Winter can be a difficult season to get through for everyone here in Canada, and your cannabis plants are no exception. With shorter winter days comes dry, winter air; these factors can affect your plant’s overall health. To combat these issues, we’ve got some valuable tips you can use to help your plants thrive inside throughout the winter months, leaving you plenty of time to search for that missing mitten, or wrestle with your boots.
Before you start looking into growing your own cannabis plants, it’s important to remember that there are laws in place for growing cannabis for both recreational and medical purposes. Recreational users can grow up to four cannabis plants per residence. This cannabis cannot be sold, but up to 30 grams can be gifted to consenting adults who are of legal age. As a medical patient, once you receive a registration certificate from Health Canada, you can begin growing cannabis plants within the guidelines detailed on your registration certificate. Cannabis that is grown for medical purposes cannot be sold or gifted to anyone.
Now that we have that out of the way, let’s get back to your plants. Like most plants, cannabis requires the correct mix of light, temperature, moisture, and ventilation to survive the winter months. Each one of these factors can affect your cannabis plants in different ways, impacting things like plant health, yield, and grow time.
Let’s take a quick trip back to seventh grade science class. Light is required for plants to go through photosynthesis, or in other words, to convert light energy into chemical energy. In the winter months, daylight hours are reduced and the intensity of the sunlight is diminished. This can cause your plants to show reduced growth throughout the winter.
Most people growing their own cannabis plants will use HID (high-intensity discharge) lighting over the winter months to ensure their supply remains steady. These can also be used year-round to ensure consistency, and in some cases, can produce an increased yield.
During the day, your plants should be exposed to an environment between 24º and 30ºC, and between 18º and 22ºC overnight. If the temperature dips below 16ºC, the quality and growth will likely be negatively impacted.
If you are using HID lighting (as mentioned above), keep in mind that they can emit heat, which can affect the temperature of your plant’s environment. As temperatures naturally drop in the evening hours, it can be helpful to increase temperatures overnight. If you don’t already have one, a programmable thermostat can help you monitor your plants’ environment and, as a bonus, can even help you save money on your monthly energy costs when programmed correctly.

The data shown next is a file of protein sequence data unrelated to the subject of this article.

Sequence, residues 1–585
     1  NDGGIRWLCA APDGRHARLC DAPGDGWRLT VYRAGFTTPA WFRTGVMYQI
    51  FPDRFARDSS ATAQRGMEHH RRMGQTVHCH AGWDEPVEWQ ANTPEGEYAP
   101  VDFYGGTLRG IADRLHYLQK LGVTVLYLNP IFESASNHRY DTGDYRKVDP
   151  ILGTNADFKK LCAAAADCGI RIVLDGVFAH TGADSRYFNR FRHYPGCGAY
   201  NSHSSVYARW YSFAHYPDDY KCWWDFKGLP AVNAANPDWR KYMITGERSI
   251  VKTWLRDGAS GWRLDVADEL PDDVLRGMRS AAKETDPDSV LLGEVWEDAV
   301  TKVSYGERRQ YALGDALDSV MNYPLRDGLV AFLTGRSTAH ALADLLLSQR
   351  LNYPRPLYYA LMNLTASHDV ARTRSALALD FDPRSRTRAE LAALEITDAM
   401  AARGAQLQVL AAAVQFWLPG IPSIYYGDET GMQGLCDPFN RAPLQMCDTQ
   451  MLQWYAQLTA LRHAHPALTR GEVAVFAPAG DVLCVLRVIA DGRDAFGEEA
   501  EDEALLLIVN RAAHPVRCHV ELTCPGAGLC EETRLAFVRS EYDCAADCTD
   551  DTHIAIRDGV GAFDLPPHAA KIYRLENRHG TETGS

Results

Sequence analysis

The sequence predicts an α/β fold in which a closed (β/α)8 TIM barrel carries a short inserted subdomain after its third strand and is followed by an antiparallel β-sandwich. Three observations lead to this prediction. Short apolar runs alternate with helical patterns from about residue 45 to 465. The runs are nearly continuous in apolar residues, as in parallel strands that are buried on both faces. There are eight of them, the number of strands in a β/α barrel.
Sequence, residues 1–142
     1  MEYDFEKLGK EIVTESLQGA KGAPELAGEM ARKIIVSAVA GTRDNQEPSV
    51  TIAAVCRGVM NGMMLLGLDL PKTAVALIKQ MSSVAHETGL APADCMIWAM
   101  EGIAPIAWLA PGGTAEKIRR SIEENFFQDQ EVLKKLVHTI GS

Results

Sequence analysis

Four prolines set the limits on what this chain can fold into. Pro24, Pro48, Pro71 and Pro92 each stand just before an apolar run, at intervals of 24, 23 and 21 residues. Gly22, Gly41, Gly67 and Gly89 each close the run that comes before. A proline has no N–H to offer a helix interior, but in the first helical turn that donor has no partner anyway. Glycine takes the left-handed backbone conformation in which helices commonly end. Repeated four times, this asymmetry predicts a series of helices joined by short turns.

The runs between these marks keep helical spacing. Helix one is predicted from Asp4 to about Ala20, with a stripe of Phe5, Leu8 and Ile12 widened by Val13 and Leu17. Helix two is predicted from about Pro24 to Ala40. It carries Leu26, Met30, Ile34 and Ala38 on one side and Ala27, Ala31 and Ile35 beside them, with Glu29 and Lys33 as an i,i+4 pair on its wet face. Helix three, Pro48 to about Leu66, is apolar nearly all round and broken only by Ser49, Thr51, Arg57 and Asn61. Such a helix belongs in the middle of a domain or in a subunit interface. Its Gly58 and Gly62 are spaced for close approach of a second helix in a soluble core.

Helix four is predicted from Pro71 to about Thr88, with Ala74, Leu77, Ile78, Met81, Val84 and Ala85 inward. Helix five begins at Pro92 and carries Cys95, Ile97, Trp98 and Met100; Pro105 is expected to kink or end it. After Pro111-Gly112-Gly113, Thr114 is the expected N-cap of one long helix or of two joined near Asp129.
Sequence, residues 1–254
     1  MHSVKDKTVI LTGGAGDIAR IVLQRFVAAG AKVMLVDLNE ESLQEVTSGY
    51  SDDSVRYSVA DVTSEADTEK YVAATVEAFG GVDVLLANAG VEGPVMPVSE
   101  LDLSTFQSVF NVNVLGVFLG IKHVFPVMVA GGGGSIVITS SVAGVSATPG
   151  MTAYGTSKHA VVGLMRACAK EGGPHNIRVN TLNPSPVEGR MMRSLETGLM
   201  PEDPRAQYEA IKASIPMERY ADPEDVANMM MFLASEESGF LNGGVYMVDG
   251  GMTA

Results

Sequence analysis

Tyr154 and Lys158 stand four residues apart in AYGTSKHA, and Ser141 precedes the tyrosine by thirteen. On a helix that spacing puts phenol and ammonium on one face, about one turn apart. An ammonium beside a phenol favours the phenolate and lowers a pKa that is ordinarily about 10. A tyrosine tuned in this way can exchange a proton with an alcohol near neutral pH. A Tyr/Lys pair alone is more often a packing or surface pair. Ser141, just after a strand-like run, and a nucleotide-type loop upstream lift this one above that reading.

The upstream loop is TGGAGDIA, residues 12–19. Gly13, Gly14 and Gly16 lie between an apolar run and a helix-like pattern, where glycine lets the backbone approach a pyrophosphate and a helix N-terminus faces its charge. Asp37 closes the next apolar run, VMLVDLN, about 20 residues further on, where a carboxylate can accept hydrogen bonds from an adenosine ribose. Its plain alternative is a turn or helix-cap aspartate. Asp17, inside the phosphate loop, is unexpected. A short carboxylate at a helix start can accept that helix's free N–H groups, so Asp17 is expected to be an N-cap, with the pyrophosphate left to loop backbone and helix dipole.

Now, back to science class. Moisture in the air is most commonly known as humidity. The amount of humidity in the air is directly tied to the temperature; as the temperature fluctuates, so does the amount of moisture in the air. The warmer the air, the more moisture it can hold.
In winter months, it’s harder to maintain a consistent temperature, and therefore, maintain consistent moisture levels. As the temperature and humidity fluctuate, there is an increased risk for condensation on or around your plants. Wet, or even damp, conditions can create the ideal breeding ground for mold and mildew.
If your home is dry in the winter, it may be beneficial to purchase a humidifier. This can be utilized to add moisture to the air and many of them can be set to maintain a certain percentage of humidity. On the flip side, if you find that you have moisture build up on or near your plants, adding a dehumidifier to the mix could be what you need. This will actively draw moisture out of the air, helping to maintain the ideal level for your plant’s environment.
It’s clear to see that things like lighting, temperature, moisture, and ventilation are all interconnected. There is some added responsibility to maintaining your plants’ health throughout the winter months, but with some close attention, and some minor tweaks, you should be able to maintain healthy cannabis plants. Above all, remember to monitor your plants closely throughout the winter and be sure to adjust their environment as needed.